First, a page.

Augusto Odone is an Italian economist best known for his son, Lorenzo, after which Odone named the oil that he helped develop to treat his son’s neurological disease. Lorenzo’s oil was the subject of a 1992 movie starring Nick Nolte and Susan Sarandon, and of course what most people think they know about the story they learned from the Hollywood version.
This past week Augusto Odone died at the age of 80, prompting another round of media reporting about Lorenzo’s oil.
Probably because of the Hollywood movie, this story more than any other is an iconic example of the disconnect between the simple narratives the media love to tell (and we love to tell ourselves) and the more complex reality.
The basic facts of the story are not in dispute. Lorenzo Odone, son of Augusto and his wife, had a neurological disease known as X-linked adrenoleukodystrophy (X-ALD). This is a devastating genetic disease in males, with two basic forms. Childhood onset tends to progress rapidly and typically death occurs by age 10, although lifespan can be increased if an early bone marrow transplant is given. In adult onset, symptoms may not appear until adulthood, and then tends to progress more slowly, over decades. Some boys with the X-ALD gene do not develop clinical findings. Women are carriers, with partial protection from their second X chromosome. About half of female carriers become symptomatic, with the slower adult form of the disease.
Harriet has written some excellent recent posts about how to talk to CAM (complementary and alternative medicine) proponents, and answers to common CAM fallacies. I have written about this myself numerous times – we deal with the same logically-challenged claims so often that it’s useful to publish standard responses.
In fact, I often wonder about the seeming uniformity of poor arguments put forward by advocates of CAM and critics of SBM. Do their arguments represent common problems of thought, pathways of mental least resistance, or are we seeing the repetition of arguments resonating in the echochamber of a subculture? I suspect it’s all of those things, which all feed into a particular world-view.
Actually CAM proponents seem to fall into one of several common world views, or flavors, as I like to call them, ranging across the spectrum from pseudoscience to anti-science. There is substantial overlap, however, with common anti-scientific themes.
I recently had an exchange with an SBM reader who was demanding that a particular post be taken down, because “every single fact in the article is wrong.” I responded as I always do – please point out the factual errors, with proper references, and I will make sure that all appropriate corrections are made. This did not satisfy the e-mailer who insisted that the article was 100% false and libelous.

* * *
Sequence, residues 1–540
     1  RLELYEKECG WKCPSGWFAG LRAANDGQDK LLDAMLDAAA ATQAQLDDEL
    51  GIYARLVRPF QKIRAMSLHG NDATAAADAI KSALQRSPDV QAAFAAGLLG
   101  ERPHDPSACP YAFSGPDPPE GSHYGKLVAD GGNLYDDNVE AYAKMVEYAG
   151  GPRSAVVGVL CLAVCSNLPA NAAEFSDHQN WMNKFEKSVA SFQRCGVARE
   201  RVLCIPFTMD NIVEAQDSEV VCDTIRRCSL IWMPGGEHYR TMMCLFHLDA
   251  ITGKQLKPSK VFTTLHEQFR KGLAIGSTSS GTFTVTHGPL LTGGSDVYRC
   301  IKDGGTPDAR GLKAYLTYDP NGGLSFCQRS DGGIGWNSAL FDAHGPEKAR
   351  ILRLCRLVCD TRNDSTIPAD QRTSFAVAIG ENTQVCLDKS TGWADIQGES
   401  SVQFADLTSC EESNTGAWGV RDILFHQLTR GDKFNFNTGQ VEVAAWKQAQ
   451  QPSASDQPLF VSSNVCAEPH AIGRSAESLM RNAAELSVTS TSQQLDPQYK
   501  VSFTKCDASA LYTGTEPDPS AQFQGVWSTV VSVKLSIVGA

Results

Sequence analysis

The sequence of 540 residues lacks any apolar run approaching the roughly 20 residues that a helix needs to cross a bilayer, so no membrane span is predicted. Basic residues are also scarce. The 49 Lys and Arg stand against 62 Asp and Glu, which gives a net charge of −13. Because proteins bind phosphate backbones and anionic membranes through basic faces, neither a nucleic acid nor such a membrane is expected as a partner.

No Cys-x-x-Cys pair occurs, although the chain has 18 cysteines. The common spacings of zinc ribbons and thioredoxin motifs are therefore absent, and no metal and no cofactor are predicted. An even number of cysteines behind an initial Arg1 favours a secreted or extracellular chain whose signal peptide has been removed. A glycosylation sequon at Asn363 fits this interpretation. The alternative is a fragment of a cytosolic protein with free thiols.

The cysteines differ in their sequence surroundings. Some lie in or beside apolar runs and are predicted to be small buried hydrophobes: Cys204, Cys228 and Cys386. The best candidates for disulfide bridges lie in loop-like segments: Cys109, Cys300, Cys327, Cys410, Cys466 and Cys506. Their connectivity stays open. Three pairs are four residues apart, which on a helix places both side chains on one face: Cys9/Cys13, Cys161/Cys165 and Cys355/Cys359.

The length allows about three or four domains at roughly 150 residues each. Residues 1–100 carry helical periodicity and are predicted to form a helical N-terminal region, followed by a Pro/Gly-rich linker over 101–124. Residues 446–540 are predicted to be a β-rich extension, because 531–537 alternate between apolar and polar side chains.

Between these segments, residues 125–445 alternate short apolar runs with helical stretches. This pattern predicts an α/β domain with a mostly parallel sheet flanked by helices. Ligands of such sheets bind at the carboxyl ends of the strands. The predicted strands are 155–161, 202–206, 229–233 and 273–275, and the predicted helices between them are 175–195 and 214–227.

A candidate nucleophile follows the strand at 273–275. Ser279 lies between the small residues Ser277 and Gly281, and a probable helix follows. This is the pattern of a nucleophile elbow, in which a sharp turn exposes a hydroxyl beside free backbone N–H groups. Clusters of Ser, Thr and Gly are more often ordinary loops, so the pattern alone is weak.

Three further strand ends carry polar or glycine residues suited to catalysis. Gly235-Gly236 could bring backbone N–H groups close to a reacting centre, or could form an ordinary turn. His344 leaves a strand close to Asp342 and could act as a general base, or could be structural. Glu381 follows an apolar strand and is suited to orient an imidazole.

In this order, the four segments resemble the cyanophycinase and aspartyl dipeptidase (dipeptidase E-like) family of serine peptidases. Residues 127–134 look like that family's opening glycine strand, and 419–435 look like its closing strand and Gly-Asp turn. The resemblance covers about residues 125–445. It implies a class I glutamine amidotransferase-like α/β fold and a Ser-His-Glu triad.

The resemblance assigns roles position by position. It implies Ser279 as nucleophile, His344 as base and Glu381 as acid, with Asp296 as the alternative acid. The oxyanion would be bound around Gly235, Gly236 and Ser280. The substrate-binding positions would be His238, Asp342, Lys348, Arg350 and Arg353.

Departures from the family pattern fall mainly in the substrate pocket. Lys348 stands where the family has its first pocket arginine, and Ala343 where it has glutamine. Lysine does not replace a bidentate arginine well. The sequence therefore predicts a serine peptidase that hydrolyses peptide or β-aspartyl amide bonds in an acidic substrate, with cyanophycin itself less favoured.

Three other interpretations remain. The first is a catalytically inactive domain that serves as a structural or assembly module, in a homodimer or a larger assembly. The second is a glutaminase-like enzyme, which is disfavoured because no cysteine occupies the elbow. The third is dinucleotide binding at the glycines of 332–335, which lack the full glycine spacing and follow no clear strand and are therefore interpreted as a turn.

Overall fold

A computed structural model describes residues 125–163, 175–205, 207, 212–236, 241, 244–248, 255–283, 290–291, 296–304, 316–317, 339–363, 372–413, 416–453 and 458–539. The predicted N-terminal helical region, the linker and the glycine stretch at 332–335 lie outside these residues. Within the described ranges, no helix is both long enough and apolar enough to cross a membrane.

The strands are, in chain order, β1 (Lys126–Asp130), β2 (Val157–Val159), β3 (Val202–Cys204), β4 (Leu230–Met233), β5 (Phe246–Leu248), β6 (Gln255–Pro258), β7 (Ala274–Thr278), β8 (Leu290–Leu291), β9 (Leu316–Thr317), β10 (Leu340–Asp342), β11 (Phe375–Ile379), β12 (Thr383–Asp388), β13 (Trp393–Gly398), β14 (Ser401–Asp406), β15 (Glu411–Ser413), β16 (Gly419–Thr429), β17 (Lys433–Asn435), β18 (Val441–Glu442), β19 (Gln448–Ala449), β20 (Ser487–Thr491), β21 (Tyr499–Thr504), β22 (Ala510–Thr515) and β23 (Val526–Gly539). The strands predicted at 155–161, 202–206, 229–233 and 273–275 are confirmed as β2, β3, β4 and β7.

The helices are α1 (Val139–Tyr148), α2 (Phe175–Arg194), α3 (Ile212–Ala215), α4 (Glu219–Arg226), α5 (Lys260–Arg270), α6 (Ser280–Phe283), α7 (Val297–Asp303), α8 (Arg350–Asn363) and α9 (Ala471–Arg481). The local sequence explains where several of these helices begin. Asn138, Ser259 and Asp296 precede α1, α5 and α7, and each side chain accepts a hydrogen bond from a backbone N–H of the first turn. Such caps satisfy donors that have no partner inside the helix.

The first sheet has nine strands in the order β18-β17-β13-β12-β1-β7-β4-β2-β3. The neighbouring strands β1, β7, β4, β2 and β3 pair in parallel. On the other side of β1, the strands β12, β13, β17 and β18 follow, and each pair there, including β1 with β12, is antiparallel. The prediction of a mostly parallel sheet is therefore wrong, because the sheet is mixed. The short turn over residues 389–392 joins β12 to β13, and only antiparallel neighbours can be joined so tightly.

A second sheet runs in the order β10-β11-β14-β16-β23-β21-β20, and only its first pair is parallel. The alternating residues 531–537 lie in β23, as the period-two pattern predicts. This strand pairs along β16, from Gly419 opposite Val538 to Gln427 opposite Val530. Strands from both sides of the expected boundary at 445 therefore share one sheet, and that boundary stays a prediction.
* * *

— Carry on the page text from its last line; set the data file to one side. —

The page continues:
I recently had a clogged drain requiring the services of a plumber. While discussing the details of the job, he took out brochures and a “fact sheet” prepared by his company explaining that my city tap water was going to kill me. Fortunately, they could provide a solution – a home-wide water filtration system.
The plumber seemed naively sincere, and genuinely fearful of the cancer-causing contaminants found in drinking water. He invited me to read through the material he provided while he unclogged by drain. I did better than that. I took the time to do a quick search for some more objective information on the topic.
The focus of this particular scaremongering is the additive monochloramine, which is added to city water. According to the Environmental Protection Agency (EPA):
Chloramines are disinfectants used to treat drinking water. Chloramines are most commonly formed when ammonia is added to chlorine to treat drinking water. The typical purpose of chloramines is to provide longer-lasting water treatment as the water moves through pipes to consumers. This type of disinfection is known as secondary disinfection. Chloramines have been used by water utilities for almost 90 years, and their use is closely regulated. More than one in five Americans uses drinking water treated with chloramines. Water that contains chloramines and meets EPA regulatory standards is safe to use for drinking, cooking, bathing and other household uses.